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RELEASE DATE (NA): February 23, 2001 GENRE: Mini-Game Compilation
// review by SoyBomb

We're up all night to Go Lucky.

What am I playing?

No, seriously: WHAT am I playing?

This is Warau Inu no Bouken GB: Silly Go Lucky!, a game that not a single person remembers and not a single person has played in the past twenty years. Well, except for one person: me. "Silly Go Lucky!" is a Japanese variety show aired on the Fuji Television Network and is similar in tone to Saturday Night Live in the United States, in which the cast performs a variety of random sketches in every episode. As for the rest of the game's title, we know "GB" is short for "Game Boy", but "Warau Inu no Bouken"? Errrm...

...that proved fruitless. Actually, in Japan, the show is called "Warau Inu no Bouken", which means "The Adventures of Laughing Dog", and sure enough, there's a portrait-style image of a blue dog wearing sunglasses strewn across the game's cover art and can also be found in-game. WHY that's the show's mascot, I have no idea. Let's just assume the answer is, "Because Japan." Either way, this game is based off a comedy program that probably wouldn't make much sense to you or I. So I'm going to have to base my opinion solely on the game itself — and isn't that the right way to review something?

Not much is found online about this particular game, so it's up to me, the loyal and mighty Defender of Obscurity, to decipher this game's subtle intricacies. Warau Inu no Bouken GB, however, is far from subtle. Immediately after the copyright screen, a tuxedoed figure is shown playing the trombone, followed by the rest of the "band" (and remember: this is a Game Boy Color game, so the band looks like an aquatic creature after a pontoon boat sliced through it), and soon, some plump-headed grump in a white suit points directly at me (who, me?) and shouts in stark Japanese while two other men in dark suits do the Jitterbug on the couch in the background. That's a tad frightening and intimidating, wouldn't you say? And then we are shoved into the title screen, where the menu is a dog.

A random man in a suit gives us the official rundown of our situation: we need to do something so that there's a video game! The music at this point is so heavily littered with white noise percussion that I need to take two Aspirin and lay down for a few hours. Eventually, after fiddling around a bit, you're presented with — initially — eight different scenarios, with the possibility of up to twenty upon their successful completion. Each scenario leads to a different mini-game, and oh my, what a selection you're given.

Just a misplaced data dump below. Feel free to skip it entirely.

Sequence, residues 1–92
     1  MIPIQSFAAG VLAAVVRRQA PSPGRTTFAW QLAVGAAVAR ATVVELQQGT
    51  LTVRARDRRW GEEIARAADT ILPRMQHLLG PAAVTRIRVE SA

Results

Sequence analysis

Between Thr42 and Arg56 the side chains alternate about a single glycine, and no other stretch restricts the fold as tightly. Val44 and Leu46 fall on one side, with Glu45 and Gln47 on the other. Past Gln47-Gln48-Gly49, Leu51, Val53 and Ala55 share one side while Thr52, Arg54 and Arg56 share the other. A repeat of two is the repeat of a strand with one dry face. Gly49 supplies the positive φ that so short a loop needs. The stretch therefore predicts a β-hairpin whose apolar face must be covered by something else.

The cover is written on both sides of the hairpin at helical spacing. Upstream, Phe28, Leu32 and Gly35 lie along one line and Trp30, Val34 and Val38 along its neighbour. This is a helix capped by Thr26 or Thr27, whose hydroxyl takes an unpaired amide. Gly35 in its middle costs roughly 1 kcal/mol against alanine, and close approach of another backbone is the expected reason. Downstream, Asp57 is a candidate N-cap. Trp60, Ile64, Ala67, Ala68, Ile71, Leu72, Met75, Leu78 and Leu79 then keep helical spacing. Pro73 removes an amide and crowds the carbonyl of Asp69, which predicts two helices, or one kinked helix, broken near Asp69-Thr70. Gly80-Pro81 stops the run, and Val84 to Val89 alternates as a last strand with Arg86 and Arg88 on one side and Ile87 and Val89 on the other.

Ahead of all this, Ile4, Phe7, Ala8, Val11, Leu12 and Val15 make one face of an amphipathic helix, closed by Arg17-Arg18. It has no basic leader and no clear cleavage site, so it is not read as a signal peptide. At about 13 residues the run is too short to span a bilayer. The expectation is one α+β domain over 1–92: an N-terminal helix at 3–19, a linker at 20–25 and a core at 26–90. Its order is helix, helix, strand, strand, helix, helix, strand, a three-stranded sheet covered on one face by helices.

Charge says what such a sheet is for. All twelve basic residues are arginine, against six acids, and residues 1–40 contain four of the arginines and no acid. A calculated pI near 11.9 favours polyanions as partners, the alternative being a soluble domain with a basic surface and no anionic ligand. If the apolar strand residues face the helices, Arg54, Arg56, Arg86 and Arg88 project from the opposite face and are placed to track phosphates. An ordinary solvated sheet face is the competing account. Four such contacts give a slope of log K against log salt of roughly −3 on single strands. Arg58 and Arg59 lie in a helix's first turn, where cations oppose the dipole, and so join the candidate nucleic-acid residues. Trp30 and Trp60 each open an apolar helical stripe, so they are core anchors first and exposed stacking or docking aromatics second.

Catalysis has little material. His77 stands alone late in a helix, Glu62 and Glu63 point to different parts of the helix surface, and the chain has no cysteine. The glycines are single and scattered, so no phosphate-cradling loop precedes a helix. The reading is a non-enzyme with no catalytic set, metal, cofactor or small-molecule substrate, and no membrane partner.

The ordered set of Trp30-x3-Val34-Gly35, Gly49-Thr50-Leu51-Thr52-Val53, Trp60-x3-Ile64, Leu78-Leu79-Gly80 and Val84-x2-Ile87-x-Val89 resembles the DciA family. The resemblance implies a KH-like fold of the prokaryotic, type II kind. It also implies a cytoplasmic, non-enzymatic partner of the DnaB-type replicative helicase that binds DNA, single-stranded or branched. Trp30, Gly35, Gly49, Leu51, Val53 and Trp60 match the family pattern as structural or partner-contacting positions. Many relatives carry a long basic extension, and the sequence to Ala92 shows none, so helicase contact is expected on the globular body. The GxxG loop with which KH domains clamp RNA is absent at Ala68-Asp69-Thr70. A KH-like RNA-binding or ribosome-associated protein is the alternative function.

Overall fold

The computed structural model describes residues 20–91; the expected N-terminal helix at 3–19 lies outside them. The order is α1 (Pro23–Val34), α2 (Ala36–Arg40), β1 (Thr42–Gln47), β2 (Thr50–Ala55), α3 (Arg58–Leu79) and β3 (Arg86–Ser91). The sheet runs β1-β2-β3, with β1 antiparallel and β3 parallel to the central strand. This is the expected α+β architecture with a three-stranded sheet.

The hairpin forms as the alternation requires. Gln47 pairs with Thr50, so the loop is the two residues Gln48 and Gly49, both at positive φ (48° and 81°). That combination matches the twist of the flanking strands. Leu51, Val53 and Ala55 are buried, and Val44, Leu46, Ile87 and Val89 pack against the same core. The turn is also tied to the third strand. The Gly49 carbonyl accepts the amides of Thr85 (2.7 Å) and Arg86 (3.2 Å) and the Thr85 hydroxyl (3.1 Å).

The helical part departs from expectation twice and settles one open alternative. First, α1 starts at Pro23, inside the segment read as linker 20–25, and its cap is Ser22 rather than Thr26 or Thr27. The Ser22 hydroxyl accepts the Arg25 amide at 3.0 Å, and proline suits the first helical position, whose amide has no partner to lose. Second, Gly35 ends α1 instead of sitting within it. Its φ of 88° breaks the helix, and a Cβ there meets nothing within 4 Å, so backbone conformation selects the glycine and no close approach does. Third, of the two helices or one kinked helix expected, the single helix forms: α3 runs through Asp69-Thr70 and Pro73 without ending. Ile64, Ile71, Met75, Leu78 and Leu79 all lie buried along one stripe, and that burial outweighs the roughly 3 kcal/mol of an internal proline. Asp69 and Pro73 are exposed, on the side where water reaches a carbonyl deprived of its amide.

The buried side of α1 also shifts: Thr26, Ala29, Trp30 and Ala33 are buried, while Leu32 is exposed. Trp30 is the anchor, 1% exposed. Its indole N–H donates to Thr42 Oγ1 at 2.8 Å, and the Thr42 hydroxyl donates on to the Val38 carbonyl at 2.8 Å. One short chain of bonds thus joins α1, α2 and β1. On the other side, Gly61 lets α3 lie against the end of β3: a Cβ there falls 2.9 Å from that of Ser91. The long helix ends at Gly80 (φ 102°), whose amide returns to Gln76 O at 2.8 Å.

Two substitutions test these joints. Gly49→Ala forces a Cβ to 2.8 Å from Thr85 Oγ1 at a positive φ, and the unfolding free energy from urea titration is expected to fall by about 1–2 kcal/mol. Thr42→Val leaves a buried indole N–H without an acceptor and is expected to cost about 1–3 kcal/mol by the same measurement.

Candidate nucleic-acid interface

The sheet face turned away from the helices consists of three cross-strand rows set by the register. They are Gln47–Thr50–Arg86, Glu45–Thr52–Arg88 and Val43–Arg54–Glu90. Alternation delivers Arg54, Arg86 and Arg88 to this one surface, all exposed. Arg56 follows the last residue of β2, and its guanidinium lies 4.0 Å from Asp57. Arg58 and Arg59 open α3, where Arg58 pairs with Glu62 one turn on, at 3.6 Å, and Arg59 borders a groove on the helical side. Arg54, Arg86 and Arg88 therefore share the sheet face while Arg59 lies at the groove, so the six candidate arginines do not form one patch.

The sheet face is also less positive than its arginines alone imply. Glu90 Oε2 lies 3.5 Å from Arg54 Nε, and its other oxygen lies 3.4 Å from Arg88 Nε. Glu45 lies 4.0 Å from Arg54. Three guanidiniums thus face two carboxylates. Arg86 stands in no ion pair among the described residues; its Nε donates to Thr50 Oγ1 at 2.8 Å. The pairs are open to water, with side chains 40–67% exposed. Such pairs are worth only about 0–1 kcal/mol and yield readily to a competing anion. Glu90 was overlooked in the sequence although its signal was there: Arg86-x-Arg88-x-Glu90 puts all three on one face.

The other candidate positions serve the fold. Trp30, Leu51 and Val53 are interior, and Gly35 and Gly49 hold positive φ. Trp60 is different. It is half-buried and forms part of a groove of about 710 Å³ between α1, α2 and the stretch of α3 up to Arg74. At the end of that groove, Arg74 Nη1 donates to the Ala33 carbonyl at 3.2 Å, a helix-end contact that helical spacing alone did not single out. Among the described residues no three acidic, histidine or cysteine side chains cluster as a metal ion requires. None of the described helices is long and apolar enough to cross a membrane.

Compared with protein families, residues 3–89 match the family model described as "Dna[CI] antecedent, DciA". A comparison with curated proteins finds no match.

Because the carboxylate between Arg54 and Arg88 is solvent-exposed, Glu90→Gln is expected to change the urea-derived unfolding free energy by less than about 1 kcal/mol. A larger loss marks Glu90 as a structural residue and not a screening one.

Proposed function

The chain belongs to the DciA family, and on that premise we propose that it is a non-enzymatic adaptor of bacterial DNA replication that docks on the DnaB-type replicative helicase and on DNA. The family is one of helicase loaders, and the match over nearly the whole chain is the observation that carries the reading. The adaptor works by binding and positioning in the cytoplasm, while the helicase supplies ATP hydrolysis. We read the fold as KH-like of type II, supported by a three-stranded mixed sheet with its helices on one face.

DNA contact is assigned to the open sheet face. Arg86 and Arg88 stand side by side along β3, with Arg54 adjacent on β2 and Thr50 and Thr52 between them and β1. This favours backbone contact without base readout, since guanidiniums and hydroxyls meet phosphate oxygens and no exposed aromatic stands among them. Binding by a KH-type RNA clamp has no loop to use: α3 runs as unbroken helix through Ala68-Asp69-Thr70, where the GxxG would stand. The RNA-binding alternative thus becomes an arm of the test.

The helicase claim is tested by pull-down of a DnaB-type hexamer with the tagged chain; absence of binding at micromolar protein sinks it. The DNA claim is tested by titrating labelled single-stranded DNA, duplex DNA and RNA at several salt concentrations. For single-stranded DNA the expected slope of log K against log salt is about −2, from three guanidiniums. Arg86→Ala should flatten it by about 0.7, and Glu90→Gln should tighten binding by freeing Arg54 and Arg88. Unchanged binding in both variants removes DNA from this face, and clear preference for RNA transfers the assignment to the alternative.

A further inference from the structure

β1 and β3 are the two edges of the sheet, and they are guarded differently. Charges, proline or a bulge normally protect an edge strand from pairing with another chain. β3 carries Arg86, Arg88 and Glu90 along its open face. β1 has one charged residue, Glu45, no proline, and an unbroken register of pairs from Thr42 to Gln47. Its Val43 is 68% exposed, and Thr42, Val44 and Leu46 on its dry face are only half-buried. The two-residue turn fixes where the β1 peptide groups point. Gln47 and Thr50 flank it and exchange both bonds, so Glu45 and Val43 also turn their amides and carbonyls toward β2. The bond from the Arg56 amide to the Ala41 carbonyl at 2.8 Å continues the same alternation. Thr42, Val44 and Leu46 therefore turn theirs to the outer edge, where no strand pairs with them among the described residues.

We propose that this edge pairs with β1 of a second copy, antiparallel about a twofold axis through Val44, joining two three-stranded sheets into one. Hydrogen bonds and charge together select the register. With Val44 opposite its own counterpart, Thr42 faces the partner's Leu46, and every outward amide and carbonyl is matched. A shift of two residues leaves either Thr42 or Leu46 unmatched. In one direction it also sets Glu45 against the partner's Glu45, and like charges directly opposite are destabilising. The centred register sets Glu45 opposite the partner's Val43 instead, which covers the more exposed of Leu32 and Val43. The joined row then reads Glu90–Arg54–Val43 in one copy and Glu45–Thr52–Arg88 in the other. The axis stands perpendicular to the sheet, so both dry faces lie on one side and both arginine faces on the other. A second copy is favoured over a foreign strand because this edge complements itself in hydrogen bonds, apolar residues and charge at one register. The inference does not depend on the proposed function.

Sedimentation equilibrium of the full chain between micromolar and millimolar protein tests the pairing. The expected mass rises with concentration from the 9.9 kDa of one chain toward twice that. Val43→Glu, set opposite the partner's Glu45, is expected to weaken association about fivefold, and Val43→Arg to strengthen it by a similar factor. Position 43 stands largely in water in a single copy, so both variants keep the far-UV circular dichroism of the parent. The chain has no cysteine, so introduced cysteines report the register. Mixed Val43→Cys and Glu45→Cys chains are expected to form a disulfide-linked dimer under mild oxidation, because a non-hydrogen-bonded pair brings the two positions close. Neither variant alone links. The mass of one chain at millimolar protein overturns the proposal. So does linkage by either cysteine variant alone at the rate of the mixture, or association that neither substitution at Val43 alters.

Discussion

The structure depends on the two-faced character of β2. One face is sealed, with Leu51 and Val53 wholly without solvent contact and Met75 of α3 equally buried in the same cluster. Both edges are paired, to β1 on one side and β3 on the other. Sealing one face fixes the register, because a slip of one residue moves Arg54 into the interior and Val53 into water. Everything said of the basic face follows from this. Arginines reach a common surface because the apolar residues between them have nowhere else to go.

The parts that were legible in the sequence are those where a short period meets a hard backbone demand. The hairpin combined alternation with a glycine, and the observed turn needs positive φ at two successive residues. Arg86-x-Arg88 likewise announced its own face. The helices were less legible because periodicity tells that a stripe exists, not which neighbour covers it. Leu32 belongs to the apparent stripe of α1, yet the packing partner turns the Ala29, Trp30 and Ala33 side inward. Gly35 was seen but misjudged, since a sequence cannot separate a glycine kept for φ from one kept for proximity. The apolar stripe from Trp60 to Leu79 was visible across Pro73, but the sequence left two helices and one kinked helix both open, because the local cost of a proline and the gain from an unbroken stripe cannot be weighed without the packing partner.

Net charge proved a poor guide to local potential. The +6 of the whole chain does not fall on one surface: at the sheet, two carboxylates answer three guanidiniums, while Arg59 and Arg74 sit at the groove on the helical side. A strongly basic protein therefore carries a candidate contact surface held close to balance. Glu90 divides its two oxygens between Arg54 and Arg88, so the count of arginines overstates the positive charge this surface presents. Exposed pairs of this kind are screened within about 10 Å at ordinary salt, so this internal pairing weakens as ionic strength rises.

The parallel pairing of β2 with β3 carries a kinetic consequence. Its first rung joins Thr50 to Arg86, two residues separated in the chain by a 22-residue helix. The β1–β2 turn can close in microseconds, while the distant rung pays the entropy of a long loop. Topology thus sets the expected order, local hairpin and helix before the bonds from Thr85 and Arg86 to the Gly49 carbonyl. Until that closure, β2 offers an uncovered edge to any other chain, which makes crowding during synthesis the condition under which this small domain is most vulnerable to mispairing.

In one scene, you're a man wearing earmuffs at the top of a volcano while a Michael Jackson impersonator throws articles of clothing in the air, which you need to catch (but only the green ones, for some reason). In another, you have to answer the trivia questions of a man clutching a giant gas canister. If you give an incorrect response, he twists the knob, and a kidnapped fellow's chest balloons up with more of the stuff until either you win or he explodes in agony. I can't read Japanese text, so you can probably guess how that game went. In a third situation, there's someone squatting in front of a soda machine as a man on the left gives you grief while a woman on the right shouts something lovely at you. The squatter has to crab-walk back and forth and react to each message. How? I really don't know. It's just interesting to see his movement animation.

Inflate your honey, go where lava's runny — get lucky in the game of Life!

This insanity is too much for an old man like myself to handle.

Ultimately, this is a mini-game collection based on a TV show starring a dog with sunglasses. As it is heavily text-based, only those with the ability to read Japanese are going to get much enjoyment out of this. Some games are pretty clear in their objectives, while others left me scratching my head. (Or was that dandruff?) But I have to admit, I'm allured by its pure peculiarity; nothing makes a lick of sense in Warau Ino no Bouken GB, and that's probably the angle they were going for. Still, a bunch of mini-games that last less than a minute won't entice even the most fervent disciples of the genre. (That means, all the major gameplay comprises less than twenty minutes of gameplay time.) It's a curiosity but not a necessity. And, considering that it's a Japan-only release, good luck finding the thing. You're better off just doing something else, like dusting the coffee table.

I'm going to pretend I didn't see this cow person, too.

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